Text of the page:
2 Min Read
LJUBLJANA, March 8 (Reuters) - Slovenian banks cut non-performing loans to 8.2 percent of all loans at the end of 2016 from 11.4 percent a year before, the central bank said on Wednesday, four years after the weight of bad debts brought some local banks to the brink of collapse.
The bad loans amounted to 3.4 billion euros ($3.59 billion)at the end of 2016, down from 3.7 billion euros at the end of September 2016 and 4.8 billion in December 2015, the Bank of Slovenia said in a report using European Banking Authority methodology.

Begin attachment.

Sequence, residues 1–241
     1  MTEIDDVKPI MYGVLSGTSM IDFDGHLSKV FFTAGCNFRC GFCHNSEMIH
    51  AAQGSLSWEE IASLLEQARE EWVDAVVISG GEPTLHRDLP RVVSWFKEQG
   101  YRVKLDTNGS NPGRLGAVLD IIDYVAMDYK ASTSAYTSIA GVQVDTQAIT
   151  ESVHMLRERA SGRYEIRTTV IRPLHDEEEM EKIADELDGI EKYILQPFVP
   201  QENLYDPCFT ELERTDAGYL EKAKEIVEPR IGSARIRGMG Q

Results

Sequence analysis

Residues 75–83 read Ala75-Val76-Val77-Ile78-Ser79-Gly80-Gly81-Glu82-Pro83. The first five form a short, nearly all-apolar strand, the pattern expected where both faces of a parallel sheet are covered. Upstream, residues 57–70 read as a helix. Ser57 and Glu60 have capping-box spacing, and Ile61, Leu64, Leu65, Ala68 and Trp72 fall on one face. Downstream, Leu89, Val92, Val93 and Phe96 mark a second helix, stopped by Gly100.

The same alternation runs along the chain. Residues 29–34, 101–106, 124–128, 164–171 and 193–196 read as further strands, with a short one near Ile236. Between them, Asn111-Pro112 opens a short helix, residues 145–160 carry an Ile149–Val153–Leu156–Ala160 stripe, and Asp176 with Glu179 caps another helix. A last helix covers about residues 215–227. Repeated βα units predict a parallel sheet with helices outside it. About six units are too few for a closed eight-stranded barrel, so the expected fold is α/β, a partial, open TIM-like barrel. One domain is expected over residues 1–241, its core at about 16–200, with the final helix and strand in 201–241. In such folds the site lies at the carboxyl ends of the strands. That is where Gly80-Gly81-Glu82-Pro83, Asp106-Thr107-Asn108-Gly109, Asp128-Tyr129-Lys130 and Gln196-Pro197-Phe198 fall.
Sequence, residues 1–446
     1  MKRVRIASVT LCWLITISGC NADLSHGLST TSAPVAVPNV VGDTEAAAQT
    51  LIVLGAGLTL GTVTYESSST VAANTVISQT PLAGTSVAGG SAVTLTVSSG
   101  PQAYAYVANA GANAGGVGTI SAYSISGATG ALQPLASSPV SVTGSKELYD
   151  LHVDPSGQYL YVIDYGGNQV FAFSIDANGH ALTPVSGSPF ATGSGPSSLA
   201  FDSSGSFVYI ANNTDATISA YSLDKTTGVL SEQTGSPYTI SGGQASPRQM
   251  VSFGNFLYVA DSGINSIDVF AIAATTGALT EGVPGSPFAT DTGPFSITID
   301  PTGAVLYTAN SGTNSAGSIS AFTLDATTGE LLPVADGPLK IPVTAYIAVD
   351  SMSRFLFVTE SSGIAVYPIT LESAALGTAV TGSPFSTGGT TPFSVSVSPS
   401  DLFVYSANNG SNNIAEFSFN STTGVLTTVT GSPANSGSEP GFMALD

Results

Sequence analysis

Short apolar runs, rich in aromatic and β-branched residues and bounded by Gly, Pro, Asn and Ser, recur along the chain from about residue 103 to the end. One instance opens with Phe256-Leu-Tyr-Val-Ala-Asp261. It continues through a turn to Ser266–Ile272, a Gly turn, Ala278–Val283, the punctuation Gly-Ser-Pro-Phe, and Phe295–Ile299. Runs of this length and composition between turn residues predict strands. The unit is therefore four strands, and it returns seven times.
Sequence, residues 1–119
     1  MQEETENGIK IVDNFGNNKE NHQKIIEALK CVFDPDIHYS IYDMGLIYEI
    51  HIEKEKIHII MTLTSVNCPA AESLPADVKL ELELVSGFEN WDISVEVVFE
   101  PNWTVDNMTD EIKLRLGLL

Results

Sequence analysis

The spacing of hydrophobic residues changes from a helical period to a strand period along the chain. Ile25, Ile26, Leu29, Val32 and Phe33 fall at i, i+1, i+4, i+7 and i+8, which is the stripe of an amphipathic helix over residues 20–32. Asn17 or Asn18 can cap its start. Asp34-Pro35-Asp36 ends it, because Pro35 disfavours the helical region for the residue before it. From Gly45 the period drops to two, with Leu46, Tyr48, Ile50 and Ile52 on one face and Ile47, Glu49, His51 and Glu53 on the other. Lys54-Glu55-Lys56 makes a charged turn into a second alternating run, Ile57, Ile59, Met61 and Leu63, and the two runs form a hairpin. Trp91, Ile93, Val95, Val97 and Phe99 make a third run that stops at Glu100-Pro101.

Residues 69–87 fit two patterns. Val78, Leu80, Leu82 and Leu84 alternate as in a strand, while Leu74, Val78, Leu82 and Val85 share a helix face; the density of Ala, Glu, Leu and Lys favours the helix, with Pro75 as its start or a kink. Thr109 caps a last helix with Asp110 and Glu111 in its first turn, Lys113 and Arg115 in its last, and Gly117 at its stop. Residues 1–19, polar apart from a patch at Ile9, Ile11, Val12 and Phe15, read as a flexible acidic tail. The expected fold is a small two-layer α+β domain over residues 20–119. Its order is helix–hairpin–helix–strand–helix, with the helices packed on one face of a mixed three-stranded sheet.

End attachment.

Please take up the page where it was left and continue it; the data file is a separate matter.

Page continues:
In 2013, the previous government poured more than 3 billion euros into local banks to prevent them collapsing under bad loans which represented about a fifth of all loans. That action meant Slovenia narrowly averted an international bailout.
Some of the largest banks are still state-owned and the government controls about 45 percent of the banking sector.
A number of foreign banks operate in Slovenia, including France's Societe Generale, Italy's Unicredit and Intesa Sanpaolo, Russia's Sberbank and Austria's Sparkasse and Addiko Bank.
$1 = 0.9480 euros Reporting By Marja Novak; Editing by Edmund Blair